Shin Tenchi Muyo! Novels Licensed (Now known as True Tenchi Muyo!)

Shin Tenchi Muyo! Novels Licensed (Now known as True Tenchi Muyo!)

Hey gang! If you didn’t know already, Seven Seas has licensed the three Shin Tenchi Muyo! novels and will be calling the novels the True Tenchi Muyo! series. And this is something I’ve been waiting for since 2005!

True Tenchi Muyo! Jurai

True Tenchi Muyo! Novels

For those who aren’t aware, after Tenchi Muyo! Ryo-ohki OVA 2 completed in 1995, Pionner, the Japanese distributor of the AIC produced series, decided that even though the canon OVAs were successful, they weren’t as profitable as a TV series. The success of the non-canon Galaxy Police Mihoshi’s Space Adventure OVA and the launch of Hasegawa-sensei’s non-canon Tenchi Muyo! light novels proved that Japanese Tenchi Muyo! fans weren’t hung up on continuity. They wanted lots more Tenchi, so Pioneer and AIC went about filling that need with series like Tenchi Universe, Tenchi in Tokyo, Magic Girl Pretty Sammy (a 3 episode OVA, then a 26 episode TV series), and three Tenchi Muyo! movies.

During this time, MASAKI Kajishima-sensei, the creator of the Tenchi Muyo! Ryo-ohki series, decided to write some canon novels so that hardcore fans could learn more about the universe he created. Fans had long pestered him with questions even after the publication of 101 Secrets of Tenchi Muyo! Ryi-ohki, so it made sense for him to write canon novels to whet the appetite of hardcore fans and casual fans alike.

The first novel is entitled Jurai and mostly centers on Azusa, Aeka’s father, before he came to the throne, including encountering Kagato and Ryoko. 😎  The second novel is Yosho, which as you might expect, covers Yosho’s life. This also includes details of Ryoko’s attack on Jurai. The final novel is Washu, which will explore Washu’s life from the time she was found 20,000 years before the events of OVA 1.

Rumor had it that Kajishima-sensei was going to write a fourth novel called Mihoshi, but scrapped it when AIC and new distributor VAP gave him the green light to create the OVA 3 anime series. How true that is, I can’t say.

A Long Time Coming

In 2005, I was first made aware of an official interest in publishing the True Tenchi Muyo! novels in English. OVA 3 had been successful in Japan and in America, so licensing the novels seemed like a good thing. Some light novels had been published in America then, such as the first few Slayers novels.  Unfortunately, light novels weren’t taking off then like manga had, which is why many light novel series were dropped. As such, it was decided to not take the risk and license the True Tenchi Muyo! novels.

When I learned the news, I was very bummed, but not surprised. To be honest, I thought there was no chance of getting the novels licensed and published in English. After all, with the passage of time, people would move on and the market for Tenchi Muyo! stuff would decrease.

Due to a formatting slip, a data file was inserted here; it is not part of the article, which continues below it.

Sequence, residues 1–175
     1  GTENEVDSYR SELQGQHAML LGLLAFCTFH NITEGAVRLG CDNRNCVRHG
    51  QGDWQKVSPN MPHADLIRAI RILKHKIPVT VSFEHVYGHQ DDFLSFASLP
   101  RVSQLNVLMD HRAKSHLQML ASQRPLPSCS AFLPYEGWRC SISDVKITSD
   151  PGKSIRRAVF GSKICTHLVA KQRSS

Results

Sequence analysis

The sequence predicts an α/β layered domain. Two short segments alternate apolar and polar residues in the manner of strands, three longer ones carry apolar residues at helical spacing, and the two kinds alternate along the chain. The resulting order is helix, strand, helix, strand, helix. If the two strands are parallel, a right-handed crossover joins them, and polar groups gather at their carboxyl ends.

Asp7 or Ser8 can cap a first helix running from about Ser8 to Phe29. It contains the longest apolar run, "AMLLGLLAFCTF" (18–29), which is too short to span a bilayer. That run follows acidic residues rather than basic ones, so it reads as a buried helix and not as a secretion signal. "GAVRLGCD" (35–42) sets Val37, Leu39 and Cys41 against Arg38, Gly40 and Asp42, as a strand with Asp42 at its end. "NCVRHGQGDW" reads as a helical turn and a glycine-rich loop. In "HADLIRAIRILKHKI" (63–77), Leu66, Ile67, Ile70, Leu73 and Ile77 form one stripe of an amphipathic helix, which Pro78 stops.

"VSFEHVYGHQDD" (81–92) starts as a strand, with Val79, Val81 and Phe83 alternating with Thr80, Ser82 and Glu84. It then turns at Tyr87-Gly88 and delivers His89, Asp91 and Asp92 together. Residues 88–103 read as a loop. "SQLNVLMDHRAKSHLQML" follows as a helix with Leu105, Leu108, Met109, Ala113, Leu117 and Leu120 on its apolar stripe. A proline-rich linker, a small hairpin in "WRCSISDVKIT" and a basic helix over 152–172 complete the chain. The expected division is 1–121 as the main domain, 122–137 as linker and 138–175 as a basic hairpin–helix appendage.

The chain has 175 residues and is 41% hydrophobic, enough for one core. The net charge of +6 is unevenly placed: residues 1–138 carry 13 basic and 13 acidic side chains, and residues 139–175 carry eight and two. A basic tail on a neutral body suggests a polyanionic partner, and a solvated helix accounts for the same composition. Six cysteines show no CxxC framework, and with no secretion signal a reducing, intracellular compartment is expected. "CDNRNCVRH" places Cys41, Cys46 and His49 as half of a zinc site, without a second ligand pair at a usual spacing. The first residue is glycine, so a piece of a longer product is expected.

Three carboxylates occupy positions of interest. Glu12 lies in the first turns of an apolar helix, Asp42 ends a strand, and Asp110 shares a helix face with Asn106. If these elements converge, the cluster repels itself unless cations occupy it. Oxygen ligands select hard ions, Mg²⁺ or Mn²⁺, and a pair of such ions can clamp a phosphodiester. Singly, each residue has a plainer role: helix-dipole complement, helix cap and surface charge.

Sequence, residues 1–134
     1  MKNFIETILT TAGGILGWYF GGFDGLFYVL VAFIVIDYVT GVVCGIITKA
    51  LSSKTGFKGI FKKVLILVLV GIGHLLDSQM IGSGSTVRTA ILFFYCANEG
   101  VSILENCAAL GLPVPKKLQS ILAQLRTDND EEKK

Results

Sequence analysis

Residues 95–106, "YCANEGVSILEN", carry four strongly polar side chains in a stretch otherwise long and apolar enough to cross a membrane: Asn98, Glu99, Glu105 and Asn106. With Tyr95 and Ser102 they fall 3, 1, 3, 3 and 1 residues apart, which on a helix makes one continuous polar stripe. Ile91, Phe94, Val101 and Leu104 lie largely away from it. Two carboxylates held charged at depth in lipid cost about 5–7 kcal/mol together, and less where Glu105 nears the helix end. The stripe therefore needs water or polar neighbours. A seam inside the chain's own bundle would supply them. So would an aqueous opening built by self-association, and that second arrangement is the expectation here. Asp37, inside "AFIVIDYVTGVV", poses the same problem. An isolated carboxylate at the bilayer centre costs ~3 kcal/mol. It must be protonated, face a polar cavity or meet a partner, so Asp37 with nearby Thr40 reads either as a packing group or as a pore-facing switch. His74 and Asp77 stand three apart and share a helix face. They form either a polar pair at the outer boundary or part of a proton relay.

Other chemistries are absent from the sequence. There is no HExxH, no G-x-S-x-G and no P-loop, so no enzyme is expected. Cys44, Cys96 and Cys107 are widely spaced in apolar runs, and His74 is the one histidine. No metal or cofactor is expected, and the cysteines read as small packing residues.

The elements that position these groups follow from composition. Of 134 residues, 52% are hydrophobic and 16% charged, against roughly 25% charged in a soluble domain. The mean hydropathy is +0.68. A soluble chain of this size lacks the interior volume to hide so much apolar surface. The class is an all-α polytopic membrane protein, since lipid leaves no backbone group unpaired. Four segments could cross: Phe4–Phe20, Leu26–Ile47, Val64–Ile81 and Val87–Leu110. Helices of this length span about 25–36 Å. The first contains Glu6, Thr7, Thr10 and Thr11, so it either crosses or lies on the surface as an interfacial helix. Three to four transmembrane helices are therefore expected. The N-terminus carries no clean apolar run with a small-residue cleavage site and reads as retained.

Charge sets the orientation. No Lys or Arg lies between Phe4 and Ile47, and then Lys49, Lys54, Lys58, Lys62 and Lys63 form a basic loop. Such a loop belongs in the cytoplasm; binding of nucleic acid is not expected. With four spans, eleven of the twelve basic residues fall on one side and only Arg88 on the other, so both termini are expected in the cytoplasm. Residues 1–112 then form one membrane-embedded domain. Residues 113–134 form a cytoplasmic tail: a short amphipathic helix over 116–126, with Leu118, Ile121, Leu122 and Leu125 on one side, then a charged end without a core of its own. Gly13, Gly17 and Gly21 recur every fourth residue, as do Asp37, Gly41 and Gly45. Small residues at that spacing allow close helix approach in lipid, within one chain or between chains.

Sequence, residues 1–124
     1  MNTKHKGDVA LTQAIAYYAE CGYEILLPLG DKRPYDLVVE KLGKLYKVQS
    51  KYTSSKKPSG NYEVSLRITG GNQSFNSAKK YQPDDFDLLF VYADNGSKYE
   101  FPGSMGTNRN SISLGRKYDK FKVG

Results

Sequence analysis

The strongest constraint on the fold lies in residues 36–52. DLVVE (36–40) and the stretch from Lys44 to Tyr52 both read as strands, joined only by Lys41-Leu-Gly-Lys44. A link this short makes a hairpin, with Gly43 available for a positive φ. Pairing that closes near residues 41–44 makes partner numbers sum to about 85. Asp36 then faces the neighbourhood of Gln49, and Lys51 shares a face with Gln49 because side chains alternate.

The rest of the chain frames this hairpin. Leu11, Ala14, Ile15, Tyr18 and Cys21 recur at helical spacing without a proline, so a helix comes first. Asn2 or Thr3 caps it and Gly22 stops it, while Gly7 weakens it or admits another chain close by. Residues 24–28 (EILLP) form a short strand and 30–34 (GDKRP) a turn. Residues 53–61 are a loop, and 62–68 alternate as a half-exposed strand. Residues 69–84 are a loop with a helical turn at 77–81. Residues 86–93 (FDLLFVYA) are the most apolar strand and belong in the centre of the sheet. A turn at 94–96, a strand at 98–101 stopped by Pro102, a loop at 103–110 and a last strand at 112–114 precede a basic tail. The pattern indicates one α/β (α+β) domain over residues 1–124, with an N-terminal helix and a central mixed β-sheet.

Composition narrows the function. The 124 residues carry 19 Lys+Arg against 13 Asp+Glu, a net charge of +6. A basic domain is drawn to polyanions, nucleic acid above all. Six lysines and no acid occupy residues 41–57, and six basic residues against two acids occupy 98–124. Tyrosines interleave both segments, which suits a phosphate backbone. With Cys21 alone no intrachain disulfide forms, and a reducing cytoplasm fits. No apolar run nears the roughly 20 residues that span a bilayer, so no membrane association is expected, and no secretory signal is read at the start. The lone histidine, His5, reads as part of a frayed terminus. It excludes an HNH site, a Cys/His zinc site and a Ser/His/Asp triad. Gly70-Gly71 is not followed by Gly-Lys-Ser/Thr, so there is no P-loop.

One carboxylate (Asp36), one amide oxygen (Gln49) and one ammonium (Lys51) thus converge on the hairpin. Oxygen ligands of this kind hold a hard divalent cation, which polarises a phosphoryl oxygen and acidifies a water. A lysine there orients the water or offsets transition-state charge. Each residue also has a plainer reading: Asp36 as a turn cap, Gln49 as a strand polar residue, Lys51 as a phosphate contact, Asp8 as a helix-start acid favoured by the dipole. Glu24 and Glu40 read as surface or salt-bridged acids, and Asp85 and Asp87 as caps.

Twelve years later, the light novel market has proved to be pretty successful. That means the risk factor is lower, which is a good thing for us hardcore Tenchi Muyo! fans. Plus, Tenchi Muyo! Ryo-ohki is still very popular in Japan with the recent conclusion of the OVA 4 series, to say nothing of the continued publication of the GXP novels and the bi-yearly doujinshi releases from Kajishima-sensei. Thus we now see the novels officially licensed for English publication. Awesome!

AstroNerdBoy Working the Project

Seven Seas reached out to me to ask me to assist them with the adaptation of the three light novels, and I have accepted. I don’t mind saying that this may be the scariest thing I have EVER done in my whole life. It is one thing to run a fan-based FAQ site, or to write some anime/manga blog. It is quite another matter to handle an official work such as the True Tenchi Muyo! novels. I have a great responsibility to make sure we get things right in the adaptation of these novels. I’ve always said that the adaptation aspect of Kajishima-sensei’s work is critical because he drops so many little clues here and there.

So hopefully, I don’t screw things up and all of us can enjoy what Kajishima-sensei wrote. Haha! No pressure there!

Other Tenchi Novels

If we want more than just these three True Tenchi Muyo! novels to get licensed and publish in English, we need to make sure that sales of the novels are very impressive. For example, to convince Seven Seas to license the GXP novels, which saw volume 15 published in June 2017, sales of the True Tenchi Muyo! novels would have to knock their socks off since 15+ light novel volumes is a major commitment.

And I think there is probably a market for Hasegawa-sensei’s Tenchi Muyo! non-canon spinoff novels. I know I’m curious to read them, having seen the second Tenchi Muyo! movie which was based off of one of her novels. Though the commitment for Seven Seas would be less for her novels as there are fewer of them, True Tenchi Muyo! sales would still have to rock to get them officially in English.

Celebrate!